Shasta Cove Dogs
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Comments...

I have had to disable and erase all the comments because there were so many
coming in that were completely strange, incomprehensible, robotic
and not about anything I could understand let alone want to....
so please, if you would like to comment (as many of you have) 
send an email to: wonderdogs

We will be delighted to hear from you!
I will correct this soon. If I can figure out how.
Thank You!

Happy Birthday Dad!

flags

One of the monks at Shasta Abbey made prayer flags
for us to hang above where we have scattered all the pups' ashes.
It is my dad'sDadfacebirthdayso it seems the perfect day
to put them up...blowing brightly, full of color and comfort.

Wodjen_oversees
Wodjen watched us carefully, 
making sure the flags were perfectly placed

moose
Moose kept the little critters away
(his favorite job)

pupshelp
Olive & Betty helped Todd put the ladder away.

emma
And Emma, as always, had the last word:
Thank You!

Sally

Sally died two weeks ago.
salfocussed
Shortly after her beloved brother, Jasper's, death,
Sally was diagnosed with the same kind of
aggressive bone cancer.
Tho not unexpected, her death on April 2nd
was a surprise ~ that morning she
was eating and wagging, smiling and chasing pinecones,
giving kisses and asking for tummy rubs.
She was so alive.
And then, she was not.
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As with all the others,
Sally guided us through her illness and her death.
Always the alpha girl, in her last months 
she became more spirited, more gentle
and more with us.
She almost became cuddly.
Or Sally's version of it.
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After Jssper's death, Sally seemed to carry a sadness within her
that none of us ~ 2 or 4 footed ~ could reach.
They had shared everything, beginning in the womb
and carrying right through to pinecones, frisbees, food,
long walks, wild runs, barking marathons, leading their pack.
 They even shared a crate....
taking turns sleeping in it at night.
sjtongues2
Sally was so lively, so bright, so smart....so fun!
She was a huge spirit, taking up all the room there was.
We miss her terribly and feel her everywhere.
We are with her and without her now.
sallyfrisbee
As always, grief is a journey.
Sally was the 5th pup gone from our beloved pack
in the last 18 months.
As each one passed ~illness and old age taking their toll ~
there was one right here who needed
extra care along his/her way.
Our grief was shielded in the caring.
sallywatching
With Sally gone, we take time to grieve them all.
It is a big, deep job.
We are filled with their life, love, and loss.
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And we are grateful.
sama

Abbey!

I have been spending a lot of time with Abbey - more so than usual as I am not sure how much longer she will be with us. She has been quite ill this last year - diagnosed in the Spring with Cushings Disease, various bouts of pancreatitis which have worn her down, an adrenal tumor found this summer, and - as if all that were not enough! - she has been going blind these past 6 months. Her Cushings Disease is managed well at the moment - tho it is, of course, a chronic and terminal disease, her adrenal tumor is untreatable - too risky at her age & health, and her blindness is now complete. And in this moment - (which, Abbey knows better than I, is all we have) - she is actually, almost, perky. She accompanied the other pups and me out when we went to play - she did not play, but she referee'd and then lay in the sun and kept a careful eye on us all.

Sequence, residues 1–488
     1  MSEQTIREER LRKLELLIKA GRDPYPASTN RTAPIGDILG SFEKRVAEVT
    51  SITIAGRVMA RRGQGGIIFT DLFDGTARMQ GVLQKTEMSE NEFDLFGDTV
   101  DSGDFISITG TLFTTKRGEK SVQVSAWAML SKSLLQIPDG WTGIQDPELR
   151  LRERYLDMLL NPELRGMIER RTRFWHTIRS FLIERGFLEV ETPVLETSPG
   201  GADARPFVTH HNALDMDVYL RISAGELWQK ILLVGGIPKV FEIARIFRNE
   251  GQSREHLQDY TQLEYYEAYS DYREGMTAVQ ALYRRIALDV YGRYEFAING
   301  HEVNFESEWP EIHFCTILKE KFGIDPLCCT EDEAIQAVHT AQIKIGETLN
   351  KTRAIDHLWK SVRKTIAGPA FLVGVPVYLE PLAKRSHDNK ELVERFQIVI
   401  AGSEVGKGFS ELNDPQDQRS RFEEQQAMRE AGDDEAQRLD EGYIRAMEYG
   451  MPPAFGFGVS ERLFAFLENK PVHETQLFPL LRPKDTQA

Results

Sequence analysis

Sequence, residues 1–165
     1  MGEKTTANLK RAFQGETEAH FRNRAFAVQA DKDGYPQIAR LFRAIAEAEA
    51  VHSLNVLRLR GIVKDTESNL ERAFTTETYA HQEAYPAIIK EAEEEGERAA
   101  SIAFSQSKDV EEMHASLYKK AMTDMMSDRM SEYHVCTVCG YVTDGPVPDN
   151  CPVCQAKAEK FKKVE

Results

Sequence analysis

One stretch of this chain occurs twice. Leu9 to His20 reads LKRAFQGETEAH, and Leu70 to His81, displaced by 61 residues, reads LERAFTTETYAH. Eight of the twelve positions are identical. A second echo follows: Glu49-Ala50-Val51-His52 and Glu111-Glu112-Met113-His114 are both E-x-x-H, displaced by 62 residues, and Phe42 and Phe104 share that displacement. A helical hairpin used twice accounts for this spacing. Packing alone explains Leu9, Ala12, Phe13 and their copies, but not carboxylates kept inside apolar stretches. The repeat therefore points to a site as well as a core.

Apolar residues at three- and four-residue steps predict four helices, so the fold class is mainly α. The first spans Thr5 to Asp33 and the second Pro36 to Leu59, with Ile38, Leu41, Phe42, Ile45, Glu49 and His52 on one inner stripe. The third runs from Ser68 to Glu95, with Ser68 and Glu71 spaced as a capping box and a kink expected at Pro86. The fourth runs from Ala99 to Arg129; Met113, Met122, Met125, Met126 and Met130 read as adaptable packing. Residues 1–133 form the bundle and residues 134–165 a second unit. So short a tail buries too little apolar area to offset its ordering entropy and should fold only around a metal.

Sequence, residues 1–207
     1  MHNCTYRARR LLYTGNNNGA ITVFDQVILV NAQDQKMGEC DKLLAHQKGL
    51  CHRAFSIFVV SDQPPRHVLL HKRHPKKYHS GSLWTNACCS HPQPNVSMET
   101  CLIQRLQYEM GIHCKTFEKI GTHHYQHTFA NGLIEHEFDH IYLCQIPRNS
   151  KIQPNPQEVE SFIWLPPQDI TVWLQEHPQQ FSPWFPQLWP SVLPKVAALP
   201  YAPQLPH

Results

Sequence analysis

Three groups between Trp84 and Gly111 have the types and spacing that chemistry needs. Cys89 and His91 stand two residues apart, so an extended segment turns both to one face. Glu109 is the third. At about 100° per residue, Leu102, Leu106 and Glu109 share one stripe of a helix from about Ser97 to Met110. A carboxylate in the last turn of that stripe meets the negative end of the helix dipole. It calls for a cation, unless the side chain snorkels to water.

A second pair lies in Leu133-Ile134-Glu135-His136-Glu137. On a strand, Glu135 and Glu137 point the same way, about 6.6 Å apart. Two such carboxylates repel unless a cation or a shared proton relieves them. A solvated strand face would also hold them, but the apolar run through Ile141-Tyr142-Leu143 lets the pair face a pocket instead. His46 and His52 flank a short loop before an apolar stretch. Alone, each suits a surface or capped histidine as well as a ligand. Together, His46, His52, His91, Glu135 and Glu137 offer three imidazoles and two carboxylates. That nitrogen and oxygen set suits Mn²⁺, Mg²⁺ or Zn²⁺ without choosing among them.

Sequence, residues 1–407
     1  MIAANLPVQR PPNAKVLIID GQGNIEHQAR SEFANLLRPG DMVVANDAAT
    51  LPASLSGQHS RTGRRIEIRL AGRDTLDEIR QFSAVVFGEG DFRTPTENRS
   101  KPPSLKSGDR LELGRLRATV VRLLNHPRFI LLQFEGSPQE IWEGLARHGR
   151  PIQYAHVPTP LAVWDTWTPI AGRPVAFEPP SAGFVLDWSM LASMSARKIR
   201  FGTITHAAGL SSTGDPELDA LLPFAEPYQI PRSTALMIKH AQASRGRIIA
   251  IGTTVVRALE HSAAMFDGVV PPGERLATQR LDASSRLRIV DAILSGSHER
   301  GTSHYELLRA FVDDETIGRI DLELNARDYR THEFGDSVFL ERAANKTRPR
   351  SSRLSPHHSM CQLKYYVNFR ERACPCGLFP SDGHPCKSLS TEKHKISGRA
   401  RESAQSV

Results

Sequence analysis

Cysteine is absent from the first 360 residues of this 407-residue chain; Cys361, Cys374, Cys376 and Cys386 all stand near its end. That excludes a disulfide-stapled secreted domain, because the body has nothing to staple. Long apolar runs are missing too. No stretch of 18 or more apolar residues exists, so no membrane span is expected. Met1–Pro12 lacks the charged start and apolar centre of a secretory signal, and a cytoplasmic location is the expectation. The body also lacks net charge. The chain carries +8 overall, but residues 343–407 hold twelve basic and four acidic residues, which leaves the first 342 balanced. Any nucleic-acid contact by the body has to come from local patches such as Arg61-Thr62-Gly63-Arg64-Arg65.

I often think how we live under the watchful gaze of the Mountain - it is visible from every room of our home and every part of our property - and I can feel it's beauty and strength guiding us through all our days......I have the same feeling about Abbey - we live under her careful watch. She is our Alpha Girl and she has guided us well. I wonder if part of the reason she is still here is her wondering who will take over as Queen.....and how will we be without her (almost always) gentle guidance? Hmmmmm......I can't imagine Sally or Emma rising to the occasion, tho they both want to be boss - and can be quite bossy! - they definetely don't have the responsible, knowledgeable nature, and big picture vision, it takes to care for the pack. They are princesses, the both of them, and well suited to that. It is interesting, even in Abbey's decline, the respect she is shown, still, by all the others - she is treated with dignity and her 'word' is still law. Her physical self may be diminishing, but her spirit absolutely has not. That is what I feel when I am with her....I can feel the young Abbey right there with the old girl.

Now that Abbey is completely blind, etiher Todd or I have been getting up in the middle of the night with her - she needs our guiding hand to get herself outside and down the deck stairs when she has to go. As I am going to bed and setting my alarm clock for a few hours later I am often tired and overwhelmed with it all. Later, as Abbey and I go out, I find myself feeling such gratitude at being able to care for her. To return in kind the gentle, careful loving she has given us over the years. While I wait for Abbey, I gaze up to the sky and see the stars, I listen to the night's silence, and, as I put my hand on Abbey to help her find her way - I feel completely peaceful and I know I am exactly where I want to be. it is a wonderful feeling.

In the last year of my Dad's life, when I was often overwhelmed and fearful, exhausted and sad, I would find - through being with him - the same feeling and I would rejoice in the life I have chosen.

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There are love dogs no one knows the name of.  Give your life to be one of them. - Rumi